There were also parts of the story I would have liked to hear more about. Where did all those clothes in the closet come from? Who did necklace did Alice found belong to? What was Wyck’s connection to all of the other missing teenagers? It would have been interesting if bodies connecting Wyck to those disappearances could have been found. The ending of the book left me generally unsatisfied and I feel that with a few more twists and turns it could have been quite good.
My rating: 2.75 stars
Thanks to Regan Arts via NetGalley for providing me with a free ARC of this book in exchange for an honest review.
Thanks to Atria/Emily Bestler Books for providing me with a free ARC of this book in exchange for an honest review.
Hidden Bodies, by Caroline Kepnes, is the sequal to You. Though I hadn’t read You, I didn’t have any trouble getting pulled into this series about a
really nice guy who is down on his luck in the love department rare book dealer/murderer turned Hollywood writer/murderer. After all, poor Joe is really trying hard to avoid this messy, stressful business. “How things come together in this universe, how they don’t is unfair.”
Our Joe is not an unlikable guy as murderers go. He’s a complicated man full of contradicting qualities. He’s insecure and egotistical. He’s sensitive and cynical. He’s able to love without restraint though he seems to have a hard time sustaining his romantic relationships. They always end, well, you know… badly.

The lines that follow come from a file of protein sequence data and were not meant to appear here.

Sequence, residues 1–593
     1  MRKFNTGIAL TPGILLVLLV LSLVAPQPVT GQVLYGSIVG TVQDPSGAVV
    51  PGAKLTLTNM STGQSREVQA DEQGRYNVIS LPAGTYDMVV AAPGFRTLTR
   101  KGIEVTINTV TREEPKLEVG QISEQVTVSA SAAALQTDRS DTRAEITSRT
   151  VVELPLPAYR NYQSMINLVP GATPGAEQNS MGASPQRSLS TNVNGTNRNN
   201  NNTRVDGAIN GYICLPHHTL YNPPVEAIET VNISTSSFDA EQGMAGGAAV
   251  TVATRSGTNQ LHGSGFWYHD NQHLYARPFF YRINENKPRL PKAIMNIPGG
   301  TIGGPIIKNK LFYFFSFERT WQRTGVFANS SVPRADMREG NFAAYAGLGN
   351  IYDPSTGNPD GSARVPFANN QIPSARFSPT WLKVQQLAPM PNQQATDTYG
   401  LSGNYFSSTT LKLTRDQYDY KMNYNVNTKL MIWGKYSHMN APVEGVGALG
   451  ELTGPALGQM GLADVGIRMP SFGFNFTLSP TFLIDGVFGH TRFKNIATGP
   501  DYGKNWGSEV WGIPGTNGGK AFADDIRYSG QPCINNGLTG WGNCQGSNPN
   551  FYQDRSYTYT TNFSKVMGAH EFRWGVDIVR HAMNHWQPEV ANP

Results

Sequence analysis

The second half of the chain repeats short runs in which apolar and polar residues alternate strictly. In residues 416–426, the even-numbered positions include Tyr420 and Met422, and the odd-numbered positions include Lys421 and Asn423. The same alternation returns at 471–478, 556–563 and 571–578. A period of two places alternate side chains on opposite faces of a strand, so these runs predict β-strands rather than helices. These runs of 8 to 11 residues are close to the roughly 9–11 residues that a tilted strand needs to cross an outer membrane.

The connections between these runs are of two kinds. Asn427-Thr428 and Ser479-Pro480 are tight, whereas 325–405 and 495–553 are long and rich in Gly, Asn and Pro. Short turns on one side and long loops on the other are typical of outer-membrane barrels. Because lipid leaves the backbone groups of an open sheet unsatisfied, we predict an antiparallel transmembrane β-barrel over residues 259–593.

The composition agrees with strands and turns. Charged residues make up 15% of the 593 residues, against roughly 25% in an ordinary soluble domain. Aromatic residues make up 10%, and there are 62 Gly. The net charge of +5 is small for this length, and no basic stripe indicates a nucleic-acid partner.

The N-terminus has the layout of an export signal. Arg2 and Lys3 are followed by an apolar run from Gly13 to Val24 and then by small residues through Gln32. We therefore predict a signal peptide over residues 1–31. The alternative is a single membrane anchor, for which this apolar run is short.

After moving to the west coast to find Amy, the woman who stole his heart and a few expensive books back in New York City, he meets an interesting cast of characters but does not immediately locate Amy. He does, however, meet Love, the daughter of wealthy grocery store owners. Will she be the one to save him from himself? Can he learn to trust again? Can he finally let go of Amy?
This book was a super-fast read. The author’s writing style was a nice change from many of the books I read lately and usually gravitate toward. The ending was one that left me looking forward to the next book in the series but I’m not sure how many books in a series such as this I could read. I could, however, see how this series could develop a very devoted fan base.
My rating: 4 stars
Thanks to Bookouture via NetGalley for providing me with a free copy of this book in exchange for an honest review.
Though I hadn’t read the first to novels in this series, I had great hopes for this book based on the description and the positive reviews. Unfortunately, it didn’t live up to my expectations. While the basic plot was intriguing – plotting the parents of two kidnapped girls against each other in order to secure the highest ransom – it lacked any real psychological twist and sense of suspense that could have made it great. The characters were a bit flat and predictable. There was another story about a young man killed trying to escape a gang that also ran throughout the book. Aside from the character of an annoying reporter, I’m not sure that the two stories were relevant enough to benefit from one another. And I thought the ending of the secondary story was very disappointing.
Though this was a very fast read, and I appreciate the chance to read this book, I don’t think this series is one I will return to.
My review: 2 stars